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Gum Disease Facts – What do you need to know?

Most of us will experience gum disease at some point in our lives but the extent to which it affects you will depend on how well you look after your teeth and mouth. The early stages of gum disease are easily treatable and your dentist will be able to give you advice on how to stop it from progressing. If gum disease takes hold it can lead to damage to gums and jaw, as well as tooth loss so it’s something that should be dealt with quickly.

What is gum disease? 

Gum disease affects the parts of your mouth that surround your teeth and keep them securely in place. It starts as an inflammation of the gums but if it is allowed to progress it may go on to damage soft tissue and bone.

What are the different types of gum disease?

Gingivitis is the first stage of gum disease, where plaque – caused by a build up of bacteria in your mouth – irritates your gums. If this condition is not dealt with it can lead to periodontitis, which is where the bones and ligaments in your mouth start to become damaged. Gums may shrink away from teeth and infections can cause nasty abscesses. The most serious type of gum disease is acute necrotising ulcerative gingivitis, which develops quickly, causing bad breath and ulcers.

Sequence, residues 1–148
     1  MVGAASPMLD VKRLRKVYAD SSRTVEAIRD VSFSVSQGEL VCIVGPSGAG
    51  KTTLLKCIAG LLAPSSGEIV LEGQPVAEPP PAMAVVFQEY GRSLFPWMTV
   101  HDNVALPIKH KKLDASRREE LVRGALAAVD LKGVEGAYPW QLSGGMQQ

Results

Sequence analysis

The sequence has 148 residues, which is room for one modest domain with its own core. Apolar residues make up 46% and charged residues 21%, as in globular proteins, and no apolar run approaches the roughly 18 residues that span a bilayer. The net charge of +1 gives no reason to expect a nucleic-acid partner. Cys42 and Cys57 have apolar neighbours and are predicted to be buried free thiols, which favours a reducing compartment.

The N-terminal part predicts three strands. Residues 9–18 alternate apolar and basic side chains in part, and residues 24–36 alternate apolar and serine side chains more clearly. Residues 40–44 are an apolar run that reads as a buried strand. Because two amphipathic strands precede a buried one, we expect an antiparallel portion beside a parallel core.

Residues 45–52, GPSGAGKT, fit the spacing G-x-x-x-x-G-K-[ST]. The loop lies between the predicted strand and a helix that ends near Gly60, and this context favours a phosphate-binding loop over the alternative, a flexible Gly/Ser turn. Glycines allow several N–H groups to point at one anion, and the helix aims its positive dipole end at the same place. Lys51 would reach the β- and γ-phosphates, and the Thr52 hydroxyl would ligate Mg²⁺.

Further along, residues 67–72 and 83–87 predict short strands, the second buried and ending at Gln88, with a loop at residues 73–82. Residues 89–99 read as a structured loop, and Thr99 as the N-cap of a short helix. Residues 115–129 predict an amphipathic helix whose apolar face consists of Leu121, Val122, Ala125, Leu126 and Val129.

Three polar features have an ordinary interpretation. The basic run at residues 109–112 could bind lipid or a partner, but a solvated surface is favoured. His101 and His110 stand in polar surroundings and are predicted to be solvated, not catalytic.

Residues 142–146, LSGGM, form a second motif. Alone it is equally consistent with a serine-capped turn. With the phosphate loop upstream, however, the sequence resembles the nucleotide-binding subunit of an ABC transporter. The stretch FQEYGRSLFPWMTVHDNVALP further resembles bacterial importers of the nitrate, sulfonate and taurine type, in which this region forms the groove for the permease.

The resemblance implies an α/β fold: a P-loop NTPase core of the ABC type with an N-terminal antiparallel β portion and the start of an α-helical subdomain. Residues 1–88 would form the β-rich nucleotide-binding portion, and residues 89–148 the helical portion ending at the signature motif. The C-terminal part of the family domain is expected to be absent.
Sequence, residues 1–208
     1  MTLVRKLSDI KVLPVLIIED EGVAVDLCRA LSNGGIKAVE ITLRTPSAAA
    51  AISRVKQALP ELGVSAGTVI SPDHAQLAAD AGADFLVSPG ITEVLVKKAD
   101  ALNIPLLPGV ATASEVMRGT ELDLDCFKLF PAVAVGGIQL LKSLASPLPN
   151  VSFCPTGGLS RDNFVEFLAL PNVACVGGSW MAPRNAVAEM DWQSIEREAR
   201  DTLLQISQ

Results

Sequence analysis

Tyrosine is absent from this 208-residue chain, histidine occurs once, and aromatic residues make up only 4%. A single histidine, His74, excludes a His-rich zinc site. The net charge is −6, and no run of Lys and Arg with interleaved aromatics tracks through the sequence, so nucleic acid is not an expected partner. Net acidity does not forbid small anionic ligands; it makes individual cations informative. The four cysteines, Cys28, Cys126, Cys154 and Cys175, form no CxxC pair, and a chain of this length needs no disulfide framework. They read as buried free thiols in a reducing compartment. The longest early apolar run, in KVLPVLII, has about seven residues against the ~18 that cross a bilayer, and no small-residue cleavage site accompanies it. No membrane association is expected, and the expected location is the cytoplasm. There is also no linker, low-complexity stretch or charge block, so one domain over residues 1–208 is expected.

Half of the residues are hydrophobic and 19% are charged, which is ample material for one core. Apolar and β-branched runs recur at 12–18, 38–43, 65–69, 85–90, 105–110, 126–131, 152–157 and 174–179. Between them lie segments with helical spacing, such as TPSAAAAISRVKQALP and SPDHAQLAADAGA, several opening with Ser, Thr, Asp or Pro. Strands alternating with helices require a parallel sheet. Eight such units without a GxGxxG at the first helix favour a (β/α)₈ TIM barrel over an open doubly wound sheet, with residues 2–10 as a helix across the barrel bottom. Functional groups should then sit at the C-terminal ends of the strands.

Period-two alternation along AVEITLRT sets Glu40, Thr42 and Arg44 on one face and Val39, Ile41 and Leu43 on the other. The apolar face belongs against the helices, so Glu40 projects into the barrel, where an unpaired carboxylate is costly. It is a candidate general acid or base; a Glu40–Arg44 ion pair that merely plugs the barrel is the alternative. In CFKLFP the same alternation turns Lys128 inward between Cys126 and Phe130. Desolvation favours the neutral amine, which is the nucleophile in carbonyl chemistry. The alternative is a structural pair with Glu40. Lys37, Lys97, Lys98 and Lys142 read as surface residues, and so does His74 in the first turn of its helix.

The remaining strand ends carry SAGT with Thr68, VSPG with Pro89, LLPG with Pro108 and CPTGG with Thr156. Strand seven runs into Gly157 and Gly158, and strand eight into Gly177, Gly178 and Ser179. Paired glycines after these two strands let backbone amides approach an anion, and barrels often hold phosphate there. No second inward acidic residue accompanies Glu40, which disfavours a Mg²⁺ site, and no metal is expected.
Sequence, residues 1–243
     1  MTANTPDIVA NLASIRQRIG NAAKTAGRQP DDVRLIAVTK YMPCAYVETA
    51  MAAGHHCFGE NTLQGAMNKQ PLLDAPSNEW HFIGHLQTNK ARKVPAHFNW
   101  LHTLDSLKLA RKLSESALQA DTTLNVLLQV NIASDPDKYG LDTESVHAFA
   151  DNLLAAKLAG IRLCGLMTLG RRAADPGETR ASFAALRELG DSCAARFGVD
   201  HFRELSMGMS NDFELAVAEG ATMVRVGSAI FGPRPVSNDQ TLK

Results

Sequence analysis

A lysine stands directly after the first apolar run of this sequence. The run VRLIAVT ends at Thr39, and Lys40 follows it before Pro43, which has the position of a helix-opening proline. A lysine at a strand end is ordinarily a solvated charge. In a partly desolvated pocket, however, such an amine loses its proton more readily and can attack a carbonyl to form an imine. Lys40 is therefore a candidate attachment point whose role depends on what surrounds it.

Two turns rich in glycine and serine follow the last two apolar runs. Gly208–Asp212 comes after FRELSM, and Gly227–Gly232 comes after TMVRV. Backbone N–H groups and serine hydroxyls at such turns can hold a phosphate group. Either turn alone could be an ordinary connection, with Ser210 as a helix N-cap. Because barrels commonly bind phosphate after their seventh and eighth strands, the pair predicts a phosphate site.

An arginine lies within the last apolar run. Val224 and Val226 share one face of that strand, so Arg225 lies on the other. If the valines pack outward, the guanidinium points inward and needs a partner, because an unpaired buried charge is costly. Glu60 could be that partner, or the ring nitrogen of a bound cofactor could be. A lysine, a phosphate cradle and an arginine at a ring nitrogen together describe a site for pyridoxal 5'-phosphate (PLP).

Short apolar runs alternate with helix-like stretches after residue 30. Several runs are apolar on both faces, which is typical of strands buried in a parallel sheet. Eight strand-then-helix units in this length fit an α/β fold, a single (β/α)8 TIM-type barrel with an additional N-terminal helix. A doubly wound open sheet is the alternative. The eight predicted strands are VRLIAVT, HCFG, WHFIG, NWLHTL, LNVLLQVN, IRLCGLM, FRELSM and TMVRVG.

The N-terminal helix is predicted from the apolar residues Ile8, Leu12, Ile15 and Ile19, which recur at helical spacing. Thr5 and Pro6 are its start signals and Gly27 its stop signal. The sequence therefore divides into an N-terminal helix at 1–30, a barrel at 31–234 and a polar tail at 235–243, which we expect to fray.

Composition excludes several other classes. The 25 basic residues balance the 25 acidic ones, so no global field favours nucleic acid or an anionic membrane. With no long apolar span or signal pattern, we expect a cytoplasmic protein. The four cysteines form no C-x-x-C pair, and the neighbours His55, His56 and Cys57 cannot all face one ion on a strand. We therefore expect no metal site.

What are the symptoms of gum disease? 

Initially, you may notice that your teeth bleed when you brush them and that they are red and swollen – these are signs of gingivitis. Wobbly teeth, receding gums, bad breath, a nasty taste in your mouth, and pus collecting under your gums (i.e. an abscess) are all symptoms of periodontitis. Both of these conditions develop relatively slowly. However, if you have these symptoms, plus difficulty swallowing and a general feeling of being unwell then you may be suffering from acute necrotising ulcerative gingivitis, which takes hold much faster and should be treated quickly.

How can you avoid gum disease?

Preventative dentistry is a big part of avoiding problems arising from gum disease. All gum disease is caused by plaque, so taking steps to make sure your teeth are plaque free – such as regular brushing and flossing – are important for keeping gum disease at bay. Avoiding smoking and reducing consumption of foods that can cause plaque, such as sugary treats and refined carbohydrates, can make a big difference. It’s also crucial to make sure that you have regular check ups so that your dentist can help you to stay on top of any problems as they arise, and keep your teeth and gums in great health.

If you have any concerns about gum disease – or to book an appointment for a check up – contact one of our team for help.